APP’s Review of "The Cord” now playing at the Bush Theatre in London

Bijan Sheibani’s new play, The Cord, explores the intergenerational impact of postpartum psychosis - of becoming a father with knowledge of your own mother’s PP many years before.

Bijan - an award-winning director (Netflix’s One Day, The Arrival, Morning Song) - worked with APP to research the experiences of women who had become grandparents after PP, and of adult children whose mums had experienced PP.

APP’s Chief Executive, Dr Jess Heron, reviews "The Cord”: 

'Most couples, struggling with a new baby, experience sleeplessness, anxiety and burnout, but it is the unsaid in this play which enthrals.

Bijan captures the realities of new fatherhood, motherhood and grandparenthood with beautifully crafted dialogue. Through the comfortable and funny domestic realism, we gradually become aware of an unresolved, unspoken, hinterland - which a new baby has the power to detonate in the present. We witness the newborn’s ability to at once give joy and pleasure, rake up pain; and fracture present relationships: loving son with his mother; husband with his wife; father with his newborn; and son in law with his in-laws. All are affected by the power of this past ‘illness' yet this is only obliquely referred to and remains largely hidden throughout the play.

The postnatal narrative is somewhat turned on its head. We expect the young mother, Anya, to be the one struggling, not her partner, Ash. The slow-burn range of emotions he suffers, as he lives the marginalisation of fatherhood, is set within the context of two typically supportive, doting families, both seemingly operating with the very best of intentions. This normality, with an underbelly hiding something more, makes for an edgy juxtaposition - and has us wanting to scream: “Communicate: things are unravelling!”

Instead, throughout the play, we get weighty pauses and brief superficial responses between all three characters until, like a pressure cooker, the lid comes off. The exchanges between Anya and Ash are so realistic, yet, particularly in Ash's dreams, we realise that something else, something heavier is at play. Ash struggles to find an outlet for his own emotions and mental health experiences in the spaces between the needs of the other characters.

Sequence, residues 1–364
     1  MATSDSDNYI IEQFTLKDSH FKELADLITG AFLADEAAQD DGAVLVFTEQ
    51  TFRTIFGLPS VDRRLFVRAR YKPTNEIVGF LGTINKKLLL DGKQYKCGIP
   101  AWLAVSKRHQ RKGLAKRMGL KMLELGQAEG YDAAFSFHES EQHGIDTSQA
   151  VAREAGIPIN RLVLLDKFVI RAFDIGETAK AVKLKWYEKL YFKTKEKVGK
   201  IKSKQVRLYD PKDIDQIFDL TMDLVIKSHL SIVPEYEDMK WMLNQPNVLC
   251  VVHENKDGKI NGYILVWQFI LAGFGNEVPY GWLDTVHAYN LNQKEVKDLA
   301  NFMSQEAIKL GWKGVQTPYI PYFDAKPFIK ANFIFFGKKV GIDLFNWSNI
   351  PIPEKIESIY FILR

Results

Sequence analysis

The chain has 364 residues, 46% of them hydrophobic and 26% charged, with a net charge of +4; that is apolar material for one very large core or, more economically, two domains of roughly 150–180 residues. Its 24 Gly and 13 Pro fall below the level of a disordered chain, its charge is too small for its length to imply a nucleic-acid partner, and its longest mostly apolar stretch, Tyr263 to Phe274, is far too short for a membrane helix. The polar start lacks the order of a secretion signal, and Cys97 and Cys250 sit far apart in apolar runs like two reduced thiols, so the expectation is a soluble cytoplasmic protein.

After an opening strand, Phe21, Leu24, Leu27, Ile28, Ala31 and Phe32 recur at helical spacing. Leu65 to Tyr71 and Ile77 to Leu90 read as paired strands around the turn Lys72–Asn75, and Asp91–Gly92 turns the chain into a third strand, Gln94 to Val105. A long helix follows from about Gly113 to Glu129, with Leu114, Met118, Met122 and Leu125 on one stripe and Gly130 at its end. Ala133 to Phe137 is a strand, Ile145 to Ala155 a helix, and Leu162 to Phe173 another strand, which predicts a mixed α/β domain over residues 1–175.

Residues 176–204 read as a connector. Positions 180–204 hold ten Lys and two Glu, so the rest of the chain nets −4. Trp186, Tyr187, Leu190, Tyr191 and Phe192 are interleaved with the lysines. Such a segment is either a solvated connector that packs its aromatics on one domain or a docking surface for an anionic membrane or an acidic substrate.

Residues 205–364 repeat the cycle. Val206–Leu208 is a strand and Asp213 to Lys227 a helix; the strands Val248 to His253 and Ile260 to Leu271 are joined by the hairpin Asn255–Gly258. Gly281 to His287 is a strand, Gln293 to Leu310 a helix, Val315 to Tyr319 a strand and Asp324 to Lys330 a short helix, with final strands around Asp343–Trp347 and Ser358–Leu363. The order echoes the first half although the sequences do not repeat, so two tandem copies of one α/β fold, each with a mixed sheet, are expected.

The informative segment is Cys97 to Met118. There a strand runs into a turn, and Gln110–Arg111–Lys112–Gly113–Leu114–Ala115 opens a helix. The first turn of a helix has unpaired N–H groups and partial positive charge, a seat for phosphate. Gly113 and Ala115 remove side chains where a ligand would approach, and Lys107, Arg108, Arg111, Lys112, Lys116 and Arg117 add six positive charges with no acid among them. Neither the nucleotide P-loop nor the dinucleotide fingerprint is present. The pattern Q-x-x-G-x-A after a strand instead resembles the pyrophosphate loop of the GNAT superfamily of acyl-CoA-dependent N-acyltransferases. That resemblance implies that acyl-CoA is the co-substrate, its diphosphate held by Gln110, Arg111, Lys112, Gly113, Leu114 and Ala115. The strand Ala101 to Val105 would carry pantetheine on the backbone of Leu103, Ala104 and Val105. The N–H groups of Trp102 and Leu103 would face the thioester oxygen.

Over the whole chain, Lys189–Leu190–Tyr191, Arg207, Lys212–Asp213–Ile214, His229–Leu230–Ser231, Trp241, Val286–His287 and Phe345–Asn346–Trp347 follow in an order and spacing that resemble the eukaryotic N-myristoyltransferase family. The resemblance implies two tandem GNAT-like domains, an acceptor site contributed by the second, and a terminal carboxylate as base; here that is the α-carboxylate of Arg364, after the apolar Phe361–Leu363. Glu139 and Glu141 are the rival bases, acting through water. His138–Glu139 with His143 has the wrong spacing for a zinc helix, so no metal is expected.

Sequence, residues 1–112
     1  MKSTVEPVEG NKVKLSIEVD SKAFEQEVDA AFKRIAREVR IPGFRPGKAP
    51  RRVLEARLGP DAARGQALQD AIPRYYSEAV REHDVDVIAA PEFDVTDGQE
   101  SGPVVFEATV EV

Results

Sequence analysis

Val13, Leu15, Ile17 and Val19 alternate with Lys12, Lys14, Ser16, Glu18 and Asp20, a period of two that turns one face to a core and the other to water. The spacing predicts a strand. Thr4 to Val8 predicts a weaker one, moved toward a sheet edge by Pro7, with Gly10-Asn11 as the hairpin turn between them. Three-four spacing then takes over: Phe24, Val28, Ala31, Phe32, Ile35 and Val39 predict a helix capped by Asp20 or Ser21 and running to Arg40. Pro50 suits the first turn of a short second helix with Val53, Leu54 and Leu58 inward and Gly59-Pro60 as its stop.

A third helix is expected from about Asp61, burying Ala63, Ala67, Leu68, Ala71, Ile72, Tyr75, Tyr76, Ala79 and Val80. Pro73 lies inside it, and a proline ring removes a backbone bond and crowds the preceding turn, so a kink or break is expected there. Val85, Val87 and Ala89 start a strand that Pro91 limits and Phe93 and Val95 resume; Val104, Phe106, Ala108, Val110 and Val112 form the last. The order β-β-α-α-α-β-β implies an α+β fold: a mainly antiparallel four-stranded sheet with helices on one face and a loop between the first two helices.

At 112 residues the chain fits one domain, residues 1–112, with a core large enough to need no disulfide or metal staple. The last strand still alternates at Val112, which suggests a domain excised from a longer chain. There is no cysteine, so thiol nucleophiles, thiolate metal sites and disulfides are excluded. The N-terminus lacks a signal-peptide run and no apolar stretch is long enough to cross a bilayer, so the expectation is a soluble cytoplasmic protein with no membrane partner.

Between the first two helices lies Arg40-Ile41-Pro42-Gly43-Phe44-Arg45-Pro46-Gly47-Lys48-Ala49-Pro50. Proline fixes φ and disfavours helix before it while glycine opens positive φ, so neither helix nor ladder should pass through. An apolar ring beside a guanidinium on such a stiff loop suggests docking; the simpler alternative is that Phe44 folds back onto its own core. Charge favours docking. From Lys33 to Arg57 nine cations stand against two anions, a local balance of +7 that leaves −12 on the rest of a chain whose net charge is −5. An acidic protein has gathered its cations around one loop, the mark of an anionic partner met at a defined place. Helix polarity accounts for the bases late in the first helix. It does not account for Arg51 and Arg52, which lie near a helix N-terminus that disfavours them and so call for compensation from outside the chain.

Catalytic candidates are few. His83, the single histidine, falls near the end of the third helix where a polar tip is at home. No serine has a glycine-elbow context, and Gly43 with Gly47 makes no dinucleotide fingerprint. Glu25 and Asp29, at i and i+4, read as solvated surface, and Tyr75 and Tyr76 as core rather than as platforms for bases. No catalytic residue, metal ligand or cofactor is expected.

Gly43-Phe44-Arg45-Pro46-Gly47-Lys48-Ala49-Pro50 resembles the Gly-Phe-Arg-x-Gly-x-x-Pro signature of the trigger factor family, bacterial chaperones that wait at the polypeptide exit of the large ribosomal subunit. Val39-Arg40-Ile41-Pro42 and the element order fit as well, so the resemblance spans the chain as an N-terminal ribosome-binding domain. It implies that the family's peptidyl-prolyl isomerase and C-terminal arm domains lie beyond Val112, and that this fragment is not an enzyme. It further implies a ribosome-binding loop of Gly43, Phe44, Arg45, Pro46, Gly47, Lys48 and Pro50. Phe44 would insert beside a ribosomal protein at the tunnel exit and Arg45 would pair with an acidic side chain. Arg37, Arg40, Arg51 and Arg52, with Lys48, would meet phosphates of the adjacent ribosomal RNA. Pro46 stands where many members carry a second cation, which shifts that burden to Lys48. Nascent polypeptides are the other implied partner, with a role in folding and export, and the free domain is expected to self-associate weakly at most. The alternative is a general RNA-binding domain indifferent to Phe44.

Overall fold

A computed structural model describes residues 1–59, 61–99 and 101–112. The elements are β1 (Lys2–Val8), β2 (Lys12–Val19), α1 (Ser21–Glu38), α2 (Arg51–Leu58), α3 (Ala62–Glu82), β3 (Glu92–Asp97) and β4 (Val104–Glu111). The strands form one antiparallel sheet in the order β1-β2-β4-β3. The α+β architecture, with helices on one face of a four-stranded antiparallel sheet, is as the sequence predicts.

The climax sees Ash finally break down and hit out at his mother about not talking to him about what has been hinted at throughout: the losses, guilt and shame of her postpartum psychosis, and resulting physical disability, some 30 years before. Despite her deep and abiding love for her son and her delight at the arrival of a new grandson, this unspoken experience of mental illness has the power to impact the family many years later. Similarly, the new baby has awakened the memories of postnatal mental illness for Ash's mother who wonders whether she will be accepted as as safe as the normal in-laws.

Who should watch this play: 

We wouldn’t recommend this as a watch for anyone newly recovering from PP; those feeling vulnerable, struggling with parenting - or perhaps indeed anyone who has experienced PP and is not yet a grandparent. Postpartum psychosis is not specifically mentioned, just alluded to. It is set at a time when there was much more stigma and secrecy around PP. We feel the play might increase anxiety for people who have had PP about how our adult children will perceive us, or how they may struggle with mental health themselves. It is a story about the journey to fatherhood of one family and the stresses involved when two families become one. While PP is relevant to the family backstory - it’s not a play about PP and not intended to represent the PP experience.

It is a beautifully written, beautifully choreographed, beautifully scored production and will be of interest to anyone with an interest in parenthood, relationships, and the mental health of fathers in particular. It may be of interest to grandparents who had PP many years ago. Similarly, it will be thought-provoking for the adult children of people who have had PP and may reflect - or be in stark contrast - to their own experiences of becoming a parent.' 

The Cord is showing at The Bush theatre, Shepherds Bush, London until 25th May 2024. Find out more here.